US Geological Survey


Date of this Version



Arch. Environ. Contam. Toxicol. 53, 84–95 (2007)


U.S. Government Work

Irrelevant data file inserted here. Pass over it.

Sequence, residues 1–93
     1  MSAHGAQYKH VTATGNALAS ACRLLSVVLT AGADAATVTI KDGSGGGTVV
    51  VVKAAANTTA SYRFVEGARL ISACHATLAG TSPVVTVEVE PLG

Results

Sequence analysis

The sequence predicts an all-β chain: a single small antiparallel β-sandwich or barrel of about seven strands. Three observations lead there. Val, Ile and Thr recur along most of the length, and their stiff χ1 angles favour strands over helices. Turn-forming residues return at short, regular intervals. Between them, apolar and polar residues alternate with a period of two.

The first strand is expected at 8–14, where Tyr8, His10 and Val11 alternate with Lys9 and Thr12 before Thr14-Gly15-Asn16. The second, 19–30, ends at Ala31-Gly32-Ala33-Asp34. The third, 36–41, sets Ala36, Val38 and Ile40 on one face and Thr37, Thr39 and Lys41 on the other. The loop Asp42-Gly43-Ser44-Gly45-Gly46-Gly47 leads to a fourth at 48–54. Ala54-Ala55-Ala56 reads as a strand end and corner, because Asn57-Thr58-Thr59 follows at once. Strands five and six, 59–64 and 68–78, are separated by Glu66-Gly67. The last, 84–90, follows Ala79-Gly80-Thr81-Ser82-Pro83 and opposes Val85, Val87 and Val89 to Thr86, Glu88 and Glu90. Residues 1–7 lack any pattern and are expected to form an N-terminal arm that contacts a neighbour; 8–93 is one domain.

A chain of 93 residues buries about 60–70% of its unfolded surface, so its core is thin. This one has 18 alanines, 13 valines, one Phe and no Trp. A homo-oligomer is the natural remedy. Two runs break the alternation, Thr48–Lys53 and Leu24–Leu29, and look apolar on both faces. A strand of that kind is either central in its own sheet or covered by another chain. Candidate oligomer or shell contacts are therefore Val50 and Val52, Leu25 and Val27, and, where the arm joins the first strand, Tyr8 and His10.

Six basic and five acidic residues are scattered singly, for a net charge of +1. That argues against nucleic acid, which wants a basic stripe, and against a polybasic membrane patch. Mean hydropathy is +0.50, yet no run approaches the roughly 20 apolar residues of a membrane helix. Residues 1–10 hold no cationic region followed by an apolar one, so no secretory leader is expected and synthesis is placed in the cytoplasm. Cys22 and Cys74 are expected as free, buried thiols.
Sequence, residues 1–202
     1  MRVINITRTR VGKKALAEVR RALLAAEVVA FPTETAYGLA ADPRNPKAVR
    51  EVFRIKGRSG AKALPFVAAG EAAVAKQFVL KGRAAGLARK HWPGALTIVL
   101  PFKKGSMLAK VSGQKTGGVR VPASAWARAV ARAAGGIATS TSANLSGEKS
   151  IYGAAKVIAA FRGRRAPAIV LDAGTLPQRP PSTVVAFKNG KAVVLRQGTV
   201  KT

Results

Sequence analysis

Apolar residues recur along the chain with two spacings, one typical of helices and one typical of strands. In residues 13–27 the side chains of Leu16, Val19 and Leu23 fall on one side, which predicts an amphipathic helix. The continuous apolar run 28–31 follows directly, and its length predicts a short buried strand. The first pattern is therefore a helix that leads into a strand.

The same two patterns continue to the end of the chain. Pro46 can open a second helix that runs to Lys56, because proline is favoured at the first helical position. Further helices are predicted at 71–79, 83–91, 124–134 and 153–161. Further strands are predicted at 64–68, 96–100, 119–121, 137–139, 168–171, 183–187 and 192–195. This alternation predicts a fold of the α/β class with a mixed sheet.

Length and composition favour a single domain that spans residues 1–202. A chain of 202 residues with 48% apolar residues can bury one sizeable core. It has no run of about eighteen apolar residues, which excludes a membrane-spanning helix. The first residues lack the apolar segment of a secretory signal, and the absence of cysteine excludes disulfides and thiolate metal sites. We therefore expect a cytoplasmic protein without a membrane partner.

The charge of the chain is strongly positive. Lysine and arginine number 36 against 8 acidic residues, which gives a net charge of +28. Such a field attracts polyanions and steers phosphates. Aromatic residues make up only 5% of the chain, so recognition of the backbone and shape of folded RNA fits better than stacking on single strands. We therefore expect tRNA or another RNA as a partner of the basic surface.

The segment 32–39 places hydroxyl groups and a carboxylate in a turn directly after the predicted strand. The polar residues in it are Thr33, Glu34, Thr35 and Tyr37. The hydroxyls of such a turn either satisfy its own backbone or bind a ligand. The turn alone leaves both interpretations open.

We evaluated three potentially nonlethal alternatives to fillet sampling for the determination of mercury (Hg) concentrations in smallmouth bass (Micropterus dolomieu). Fish (n = 62, 226–464 mm total length) from six sites in southern Missouri were captured by electrofishing. Blood samples (1 mL) from each fish were obtained by caudal veinipuncture with a heparinized needle and syringe. Biopsy needle (10 mm x 14 gauge; three cuts per fish; 10–20 mg total dry weight) and biopsy punch (7 mm x 5 mm in diameter, one plug per fish, 30–50 mg dry weight) samples were obtained from the area beneath the dorsal fin. Fillet samples were obtained from the opposite side of the fish. All samples were freeze-dried and analyzed for total Hg by combustion amalgamation atomic absorption spectrophotometry. Mean relative standard deviations (RSDs) of triplicate samples were similar for all four methods (2.2–2.4%), but the range of RSDs was greater for blood (0.4–5.5%) than for the muscle methods (1.8–4.0%). Total Hg concentrations in muscle were 0.0200–0.8809 lg/g wet weight; concentrations in plug, needle, and fillet samples from each fish were nearly identical. Blood Hg concentrations were 0.0006–0.0812 lg/mL and were highly correlated with muscle concentrations; linear regressions between log-transformed blood and fillet Hg concentrations were linear and statistically significant (p < 0.01), and explained 91–93% of the total variation. Correlations between fillet Hg concentrations and fish size and age were weak; together they explained <37% of the total variation, and the relations differed among sites. Overall, any of the alternative methods could provide satisfactory estimates of fillet Hg in smallmouth bass; however, both blood and plug sampling with disposable instruments were easier to perform than needle sampling. The biopsy needle was the most difficult to use, especially on smaller fish, and its relative expense necessitates reuse and, consequently, thorough cleaning between fish to prevent cross-contamination.